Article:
Is Trichotillomania an Anxiety Disorder?

Reviewed on 3/26/2021
Trichotillomania, also known as hair-pulling, is an impulse control disorder.
Trichotillomania, also known as hair-pulling, is an impulse control disorder.

Trichotillomania, also known as hair-pulling, is an impulse control disorder. It could be caused by anxiety and stress. It can coexist with an anxiety disorder. However, psychiatrists consider it as a separate illness and not an anxiety disorder. Some affected persons have also been seen to pull out their hair in a relaxed mode, such as while watching a movie.

Other mental illnesses that trichotillomania is commonly found with includes:

Patients with trichotillomania have an uncontrollable impulse to pull the hair off the head, eyebrows, eyelashes, and even of beard. This can result in thinning of hair that can even progress to a patchy loss of hair (alopecia). The condition may be so distressing to the affected people that they may avoid social and professional interactions.

Some affected people with trichotillomania can also chew or swallow the pulled-out hair. The condition is known as trichophagia and can result in the trapping of hair in the digestive system. if not identified and treated early, the trapped hair called “hairballs” or “trichobezoar” can lead to life-threatening complications.

What causes trichotillomania and what triggers it?

Scientists are yet to find out what exactly causes trichotillomania. Research has helped to identify certain factors that may play a role:

  • Genes: Genetic transmission can be one of the causes. Someone who has a family member with trichotillomania is more likely to get the condition.
  • Structural changes in the brain: There may be problems in those areas of the brain that are involved in the formation of habits, behavior, and the control of impulses.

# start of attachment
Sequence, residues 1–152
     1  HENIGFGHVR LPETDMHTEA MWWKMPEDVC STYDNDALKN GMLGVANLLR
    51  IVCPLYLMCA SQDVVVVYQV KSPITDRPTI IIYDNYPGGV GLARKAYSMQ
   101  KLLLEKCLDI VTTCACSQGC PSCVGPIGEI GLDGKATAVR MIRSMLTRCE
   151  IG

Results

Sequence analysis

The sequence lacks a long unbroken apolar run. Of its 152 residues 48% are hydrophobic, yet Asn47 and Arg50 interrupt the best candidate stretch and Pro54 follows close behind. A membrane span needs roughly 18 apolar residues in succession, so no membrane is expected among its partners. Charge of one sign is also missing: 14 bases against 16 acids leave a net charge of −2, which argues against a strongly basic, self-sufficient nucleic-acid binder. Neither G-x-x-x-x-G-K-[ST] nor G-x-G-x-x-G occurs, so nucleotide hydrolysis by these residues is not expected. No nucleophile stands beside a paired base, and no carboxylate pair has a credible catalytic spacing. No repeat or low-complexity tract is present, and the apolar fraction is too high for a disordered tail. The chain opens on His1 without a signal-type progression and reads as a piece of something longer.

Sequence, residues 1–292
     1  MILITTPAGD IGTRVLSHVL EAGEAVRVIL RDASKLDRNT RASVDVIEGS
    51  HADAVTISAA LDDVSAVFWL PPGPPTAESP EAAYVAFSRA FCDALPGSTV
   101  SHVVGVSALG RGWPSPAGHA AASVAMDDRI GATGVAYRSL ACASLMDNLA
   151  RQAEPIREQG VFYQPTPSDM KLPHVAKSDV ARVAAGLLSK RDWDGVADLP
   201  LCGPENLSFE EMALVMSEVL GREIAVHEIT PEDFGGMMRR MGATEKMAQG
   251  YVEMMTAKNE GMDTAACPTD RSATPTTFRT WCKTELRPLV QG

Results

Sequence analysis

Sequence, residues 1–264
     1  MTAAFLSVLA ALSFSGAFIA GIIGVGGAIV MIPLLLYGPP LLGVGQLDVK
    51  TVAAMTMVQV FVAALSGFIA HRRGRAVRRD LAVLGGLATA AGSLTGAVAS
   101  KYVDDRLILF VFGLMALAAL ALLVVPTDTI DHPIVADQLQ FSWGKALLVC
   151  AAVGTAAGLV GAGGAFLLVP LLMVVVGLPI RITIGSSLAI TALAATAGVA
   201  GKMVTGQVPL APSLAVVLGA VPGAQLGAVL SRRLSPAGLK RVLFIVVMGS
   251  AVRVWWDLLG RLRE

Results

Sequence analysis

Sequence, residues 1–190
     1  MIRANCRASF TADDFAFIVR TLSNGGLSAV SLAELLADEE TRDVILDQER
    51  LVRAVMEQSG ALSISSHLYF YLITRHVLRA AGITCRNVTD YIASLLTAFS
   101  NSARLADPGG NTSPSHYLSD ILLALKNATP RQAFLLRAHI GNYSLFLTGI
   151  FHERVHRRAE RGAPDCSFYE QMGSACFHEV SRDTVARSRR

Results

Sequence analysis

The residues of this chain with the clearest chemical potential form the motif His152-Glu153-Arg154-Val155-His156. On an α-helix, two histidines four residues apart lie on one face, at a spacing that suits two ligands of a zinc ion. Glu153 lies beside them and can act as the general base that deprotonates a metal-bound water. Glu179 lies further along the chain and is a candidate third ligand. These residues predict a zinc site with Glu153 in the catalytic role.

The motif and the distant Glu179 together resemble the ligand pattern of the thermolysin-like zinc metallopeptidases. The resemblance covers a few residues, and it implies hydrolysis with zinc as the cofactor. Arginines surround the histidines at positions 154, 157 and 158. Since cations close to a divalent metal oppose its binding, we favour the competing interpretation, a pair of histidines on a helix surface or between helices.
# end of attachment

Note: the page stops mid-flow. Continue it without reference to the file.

• Functional problems in the brain: Some scientists believe that trichotillomania is a subset of OCD, which is caused by chemical changes in the brain.
  • Childhood trauma: Early research suggests emotionally painful events during childhood to be one of the causes. However, there is a lack of evidence.

How is trichotillomania diagnosed?

Patients of trichotillomania most often approach their primary physicians for their problems of hair thinning or alopecia. Primary physicians usually rule out all the causes of hair loss before referring such patients suspected of trichotillomania to a psychiatrist or a psychologist. The psychiatrist or psychologist takes a proper medical history of the patient and looks for signs that point toward the diagnosis of trichotillomania. Blood tests may only be done to cancel out diseases that may cause hair loss.

Can trichotillomania go away?

Yes, trichotillomania is likely to go away but only with proper treatment. It usually lasts for several months to as long as 20 years before disappearing. The condition is known to have relapses and recurrences. This means it goes away and then again returns after a certain period.

Psychiatrists treat trichotillomania by any or combination of the therapies:

Psychotherapy involves biofeedback training or therapy, in which the patient is trained to identify the triggers or thoughts that propel them toward hair pulling. Eventually, they are thought to change their thinking pattern and ultimately, the habit. There is also something known as the “habit reversal” technique. With this technique, the patient is asked to concentrate on other activities, such as clenching of fists, whenever the impulse to pull the hair comes.

The United States Food and Drug Administration (US FDA) has not approved any medication for treating trichotillomania. However, doctors have seen patients getting benefitted from medications that are used to treat depression and other psychiatric disorders. N-acetyl cysteine, an amino acid supplement, has also been used in the treatment of trichotillomania.

Research is yet to establish the efficacy of a single therapy or combination of the two therapies in the treatment of trichotillomania.

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References
Elston DM. Trichotillomania. Medscape. https://emedicine.medscape.com/article/1071854-overview

National Organization for Rare Disorders. Trichotillomania. https://rarediseases.org/rare-diseases/trichotillomania/#

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